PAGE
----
New feminist materialism principles in this dialogue with materials lead to looking at nature, and soon alliances to make were found in the fungal world.  These alliances brought on thinking about the nature of things being themselves, and how being entangled makes us not separate or superior to matter.  The work being made and still developing did reflect more about this happening or alliances and led to a reflection on my own human experience of these things. A constant reminder of being in awe and the elusive component in everything became part of the reason for expressing – in one of our online tutorials, my tutor talked about ‘what if’ – this rung in my ears for a while when materiality was considered and how drawn I felt to it as the subject to review.  When working it became important to share these entanglements between materials and objects, and as if space for more possibilities was opened.  Karen Barad talks about ‘intra-action’, to me, it becomes the space of being enmeshed in more than only a human world. In her words, understanding is a process of becoming, not a thing, but a doing.  (K Barad, Barad, Meeting the Universe Halfway, p 151)

This insight led to deciding on the title of the collaborative digital work Fig. 4 Involution: fungi, trees and human. The work was developed over time with a collaboration partner who is a textile student and was entered for an online exhibition project led by a student group of OCA in Europe. Wax was used as an underpainting for this charcoal drawing on vellum paper.

Fig. 3 Charcoal drawing, 2022 Karen Stander

Discussions continued within the collaboration around the idea of a strategy for destructing the work. Using fungi to enter it and hopefully consume it, was discussed as a process to follow after the online exhibition opened.   A digital image was shared and the 3d made objects made by the other collaborator were placed in front of this image and photographed. This developed into further digital manipulation, which could also be seen as a hybrid between human and machine, to create a final digital work to be shown at an online exhibition opening in June 2022.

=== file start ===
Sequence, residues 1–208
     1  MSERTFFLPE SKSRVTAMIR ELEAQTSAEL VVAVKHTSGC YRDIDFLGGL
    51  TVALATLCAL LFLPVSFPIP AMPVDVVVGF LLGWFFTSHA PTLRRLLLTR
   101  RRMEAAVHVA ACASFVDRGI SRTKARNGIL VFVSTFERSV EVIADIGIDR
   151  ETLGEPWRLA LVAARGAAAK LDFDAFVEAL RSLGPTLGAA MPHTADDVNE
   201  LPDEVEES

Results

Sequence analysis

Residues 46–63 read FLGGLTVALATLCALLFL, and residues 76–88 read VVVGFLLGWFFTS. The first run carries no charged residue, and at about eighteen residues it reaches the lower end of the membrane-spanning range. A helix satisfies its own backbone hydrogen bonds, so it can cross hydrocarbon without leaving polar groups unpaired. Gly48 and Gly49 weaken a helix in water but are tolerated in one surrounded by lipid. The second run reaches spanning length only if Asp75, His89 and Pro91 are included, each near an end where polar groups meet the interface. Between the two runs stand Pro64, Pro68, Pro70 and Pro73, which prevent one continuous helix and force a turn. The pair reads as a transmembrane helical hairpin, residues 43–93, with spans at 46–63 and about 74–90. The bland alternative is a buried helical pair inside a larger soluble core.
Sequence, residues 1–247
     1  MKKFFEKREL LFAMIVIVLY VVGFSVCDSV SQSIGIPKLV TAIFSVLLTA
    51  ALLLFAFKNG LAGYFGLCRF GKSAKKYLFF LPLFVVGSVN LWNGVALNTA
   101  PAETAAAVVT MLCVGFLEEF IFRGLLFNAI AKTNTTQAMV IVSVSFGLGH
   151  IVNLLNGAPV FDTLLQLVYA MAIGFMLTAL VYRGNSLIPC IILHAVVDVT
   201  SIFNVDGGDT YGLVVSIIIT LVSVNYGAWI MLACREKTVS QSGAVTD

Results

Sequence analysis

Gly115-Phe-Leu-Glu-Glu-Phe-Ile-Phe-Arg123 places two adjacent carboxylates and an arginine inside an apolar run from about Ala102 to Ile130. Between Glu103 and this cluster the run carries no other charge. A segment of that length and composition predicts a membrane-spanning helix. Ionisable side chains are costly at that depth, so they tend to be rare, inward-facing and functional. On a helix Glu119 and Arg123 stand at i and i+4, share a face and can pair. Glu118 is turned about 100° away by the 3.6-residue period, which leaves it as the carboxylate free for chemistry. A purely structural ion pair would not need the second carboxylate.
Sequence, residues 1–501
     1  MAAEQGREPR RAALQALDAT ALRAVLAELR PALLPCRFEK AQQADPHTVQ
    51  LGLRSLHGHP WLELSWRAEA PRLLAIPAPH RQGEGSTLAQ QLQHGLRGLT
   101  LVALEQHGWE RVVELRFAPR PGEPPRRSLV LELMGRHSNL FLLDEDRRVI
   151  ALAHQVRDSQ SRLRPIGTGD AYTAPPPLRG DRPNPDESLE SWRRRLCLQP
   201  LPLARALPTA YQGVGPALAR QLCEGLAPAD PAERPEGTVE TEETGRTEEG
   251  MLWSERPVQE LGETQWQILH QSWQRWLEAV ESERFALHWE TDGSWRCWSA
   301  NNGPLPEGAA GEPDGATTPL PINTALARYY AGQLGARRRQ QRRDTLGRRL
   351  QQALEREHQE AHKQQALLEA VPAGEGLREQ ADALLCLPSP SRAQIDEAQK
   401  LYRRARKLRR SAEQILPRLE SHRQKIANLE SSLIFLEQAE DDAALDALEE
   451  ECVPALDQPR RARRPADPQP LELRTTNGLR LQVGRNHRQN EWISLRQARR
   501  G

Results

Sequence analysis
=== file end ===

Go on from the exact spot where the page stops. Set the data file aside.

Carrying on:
Fig. 4 Involution: fungi, trees and humans, 2022. Collaborative digital work by Annette Holtkamp and Karen Stander

On social media, it was discussed if this deconstruction could be seen as performance between the living and our projection of the living (IG post on @karenstanderart, dated 13 June 2022) The deconstruction of the work started in early September 2022 and is still ongoing. I look at the work, which is now outside as an installation with its own aesthetics, it became time based and is currently a living work as mycelium is growing which would hopefully consume the work in the end.

Surface materiality

The work below was made on black cardboard.  When doing this work I found my interest moved to the spatial relationships within and between these mycelial meshworks, as well as how they might be perceived from near and far. The play with the surface materiality- how the paint and chalks created textured layers which look as if intertwining, became the motivation to further investigate making as a form of reflection of something which is in many ways imagined. In real life, mycorrhizal fungi are fifty times finer than the finest roots. Bubble plastic was dipped into acrylic paint and formed the underpainting or imprint for drawing and painting.

Using an imprint as an underpainting and considering how fungi as a living material make one question where the body starts and ends. I became interested in these spaces in between – which are not seen by the eye (human) but are entanglements which interconnect with different species underground. Does the dark board reflect on this space which we can not see – a possible juxtaposition of the real and the reflected?

In Monochrome Entanglements above, I visualize a becoming – mycelium growing, but not yet ready to flower and produce mushrooms. I keep in mind that mycelium is not a thing, but a process. (Sheldrake, 2020:7) Sheldrake later describes it as a ‘body without a body plan’ (Sheldrake, 2020:55)  The hyphae explore different directions simultaneously, and has no fixed shape.  My reference material was the block of mycelium in which I grew oyster mushrooms during this time. How I thought about the materiality has a lot to do with the idea of how mycelium or mycorrhizal fungi collaborate. Merlin Sheldrake writes: “…hyphae travelled into knots and coils. This wasn’t sex……But it was sexy.”  (Sheldrake, 2020:140)